When choosing a electric motor for a credit card applicatoin, a primary consideration is the speed range it will be speed reducer gearbox operated in. Whenever a motor is operate considerably slower than its rated base speed, several potential adverse effects may come into play, including reduced cooling performance, reduced power effectiveness and a alter in the motor’s acceleration and torque features. To mitigate this problem, some motors and acceleration controllers have already been designed especially to operate a vehicle a load at low speeds with precise control.

Most domestic and industrial motor applications use 3-phase asynchronous induction motors, which operate at a speed that’s determined by the frequency of the supply power. When an application operates at a constant speed, the only thing that is necessary could be a gearbox or rate reducer that brings the motor speed down to the required level. Nevertheless, many applications need the velocity of the motor to be various during operation.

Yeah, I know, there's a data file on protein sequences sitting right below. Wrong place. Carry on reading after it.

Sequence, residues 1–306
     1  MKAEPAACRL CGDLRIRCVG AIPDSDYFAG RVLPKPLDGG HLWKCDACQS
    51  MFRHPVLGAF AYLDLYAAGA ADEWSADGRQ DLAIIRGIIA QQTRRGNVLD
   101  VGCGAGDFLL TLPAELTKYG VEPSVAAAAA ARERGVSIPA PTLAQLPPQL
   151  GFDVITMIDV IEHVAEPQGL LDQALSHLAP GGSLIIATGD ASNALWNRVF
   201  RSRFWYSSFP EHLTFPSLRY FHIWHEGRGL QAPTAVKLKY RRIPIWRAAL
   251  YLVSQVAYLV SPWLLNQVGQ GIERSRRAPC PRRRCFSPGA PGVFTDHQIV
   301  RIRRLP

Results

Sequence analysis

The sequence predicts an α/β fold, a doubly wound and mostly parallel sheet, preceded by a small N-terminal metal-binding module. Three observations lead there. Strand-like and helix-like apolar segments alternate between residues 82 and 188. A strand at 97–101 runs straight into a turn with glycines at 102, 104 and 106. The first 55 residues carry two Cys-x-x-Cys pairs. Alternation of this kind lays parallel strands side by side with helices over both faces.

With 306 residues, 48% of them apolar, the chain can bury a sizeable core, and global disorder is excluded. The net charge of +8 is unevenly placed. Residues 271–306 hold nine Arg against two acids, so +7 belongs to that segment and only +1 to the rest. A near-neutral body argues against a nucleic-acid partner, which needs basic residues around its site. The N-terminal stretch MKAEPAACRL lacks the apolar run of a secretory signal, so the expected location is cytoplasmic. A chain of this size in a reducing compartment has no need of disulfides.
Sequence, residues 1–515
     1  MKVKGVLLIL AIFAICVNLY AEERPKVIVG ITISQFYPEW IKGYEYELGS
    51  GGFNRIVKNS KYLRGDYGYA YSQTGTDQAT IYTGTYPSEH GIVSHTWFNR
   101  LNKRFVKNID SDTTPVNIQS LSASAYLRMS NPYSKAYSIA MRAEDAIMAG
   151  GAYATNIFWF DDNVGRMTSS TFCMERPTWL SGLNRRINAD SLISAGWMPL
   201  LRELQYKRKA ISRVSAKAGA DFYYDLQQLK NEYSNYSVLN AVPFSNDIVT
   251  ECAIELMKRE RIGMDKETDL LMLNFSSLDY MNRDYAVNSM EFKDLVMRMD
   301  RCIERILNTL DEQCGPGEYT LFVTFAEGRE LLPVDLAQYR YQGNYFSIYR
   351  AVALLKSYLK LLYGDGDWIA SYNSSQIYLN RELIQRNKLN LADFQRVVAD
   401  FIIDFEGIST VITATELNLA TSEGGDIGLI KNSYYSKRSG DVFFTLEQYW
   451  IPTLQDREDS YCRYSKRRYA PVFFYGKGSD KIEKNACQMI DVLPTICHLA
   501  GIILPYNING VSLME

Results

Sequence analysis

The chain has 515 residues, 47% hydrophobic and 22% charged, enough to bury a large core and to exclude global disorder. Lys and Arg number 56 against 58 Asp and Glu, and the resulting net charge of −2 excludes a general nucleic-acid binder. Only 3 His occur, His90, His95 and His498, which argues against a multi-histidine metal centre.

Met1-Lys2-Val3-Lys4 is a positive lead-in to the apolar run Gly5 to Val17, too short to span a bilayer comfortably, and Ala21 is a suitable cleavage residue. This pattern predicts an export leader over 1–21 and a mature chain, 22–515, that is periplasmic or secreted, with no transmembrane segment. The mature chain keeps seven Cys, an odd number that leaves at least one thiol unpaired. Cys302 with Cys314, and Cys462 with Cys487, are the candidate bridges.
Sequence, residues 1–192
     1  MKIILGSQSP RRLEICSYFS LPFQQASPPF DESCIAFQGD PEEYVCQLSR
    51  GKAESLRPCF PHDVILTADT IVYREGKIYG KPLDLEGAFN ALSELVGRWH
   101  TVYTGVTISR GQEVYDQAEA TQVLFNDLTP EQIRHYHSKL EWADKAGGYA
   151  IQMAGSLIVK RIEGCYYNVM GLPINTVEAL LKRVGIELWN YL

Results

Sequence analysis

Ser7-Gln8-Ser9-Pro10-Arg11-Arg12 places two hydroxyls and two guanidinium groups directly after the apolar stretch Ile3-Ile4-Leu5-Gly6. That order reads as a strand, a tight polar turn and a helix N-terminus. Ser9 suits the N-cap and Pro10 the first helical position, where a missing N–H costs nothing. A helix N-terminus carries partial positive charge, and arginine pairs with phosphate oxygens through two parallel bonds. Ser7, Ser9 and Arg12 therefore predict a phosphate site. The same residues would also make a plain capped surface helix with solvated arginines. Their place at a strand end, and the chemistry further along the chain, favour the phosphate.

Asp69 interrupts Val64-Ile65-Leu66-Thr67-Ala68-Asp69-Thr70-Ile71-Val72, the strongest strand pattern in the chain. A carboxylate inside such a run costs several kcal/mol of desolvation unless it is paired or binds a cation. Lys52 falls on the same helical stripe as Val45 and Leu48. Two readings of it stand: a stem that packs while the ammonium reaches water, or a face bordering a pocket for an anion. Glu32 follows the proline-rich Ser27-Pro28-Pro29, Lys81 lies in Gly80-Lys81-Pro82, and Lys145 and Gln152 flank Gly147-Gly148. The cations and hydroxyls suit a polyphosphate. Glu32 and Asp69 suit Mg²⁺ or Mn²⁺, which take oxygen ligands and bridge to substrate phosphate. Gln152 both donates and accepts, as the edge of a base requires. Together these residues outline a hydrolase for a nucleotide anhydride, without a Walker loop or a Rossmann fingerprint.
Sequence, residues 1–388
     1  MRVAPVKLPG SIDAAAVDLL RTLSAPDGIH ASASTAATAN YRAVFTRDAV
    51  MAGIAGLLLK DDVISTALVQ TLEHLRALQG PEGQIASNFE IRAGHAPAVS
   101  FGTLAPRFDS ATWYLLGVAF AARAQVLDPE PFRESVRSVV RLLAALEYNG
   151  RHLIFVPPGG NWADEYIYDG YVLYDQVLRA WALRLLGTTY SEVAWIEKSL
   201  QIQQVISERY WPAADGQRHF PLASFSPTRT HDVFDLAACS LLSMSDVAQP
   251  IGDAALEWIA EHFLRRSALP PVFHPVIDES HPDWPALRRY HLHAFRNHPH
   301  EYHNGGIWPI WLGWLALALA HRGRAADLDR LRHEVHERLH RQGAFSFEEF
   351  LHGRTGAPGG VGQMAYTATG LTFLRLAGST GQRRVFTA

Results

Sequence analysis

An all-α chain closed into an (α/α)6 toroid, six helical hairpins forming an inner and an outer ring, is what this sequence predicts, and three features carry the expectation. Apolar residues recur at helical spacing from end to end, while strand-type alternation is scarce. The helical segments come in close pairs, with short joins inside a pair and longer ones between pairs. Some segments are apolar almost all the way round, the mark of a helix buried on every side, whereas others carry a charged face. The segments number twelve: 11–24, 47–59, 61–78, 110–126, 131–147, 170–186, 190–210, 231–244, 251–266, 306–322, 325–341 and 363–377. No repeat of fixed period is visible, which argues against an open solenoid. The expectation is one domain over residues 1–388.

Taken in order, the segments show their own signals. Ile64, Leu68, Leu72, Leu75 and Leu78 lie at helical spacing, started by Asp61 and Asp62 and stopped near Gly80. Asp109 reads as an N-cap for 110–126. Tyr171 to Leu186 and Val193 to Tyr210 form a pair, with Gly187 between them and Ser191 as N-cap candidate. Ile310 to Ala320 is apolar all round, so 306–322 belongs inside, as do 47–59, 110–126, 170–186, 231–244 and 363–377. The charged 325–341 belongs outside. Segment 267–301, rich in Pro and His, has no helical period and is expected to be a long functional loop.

This is usually achieved using a VFD or Adjustable Frequency Drive, which controls the speed by modifying the frequency fed to the motor. Deciding on the best electric motor and VFD type depends on a variety of factors, however, it is necessary to first look at the way the characteristics of a electric motor change when the quickness is reduced.

A motor usually includes a base speed, specific by the product manufacturer, that it is designed to operate at. However, if a motor is managed below the bottom speed, it could experience reduced effectiveness of the cooling system. Especially with commonly used Totally Enclosed Lover Cooled (TEFC) and ODP (Open Drip Evidence) motors, where the cooling system consists primarily of a shaft-mounted enthusiast, a reduction in speed outcomes in decreased airflow over the motor and loss of cooling, and temperature buildup occurs. Especially when the engine is operated with full torque at low speeds, heat can easily build up in the motor to harmful levels.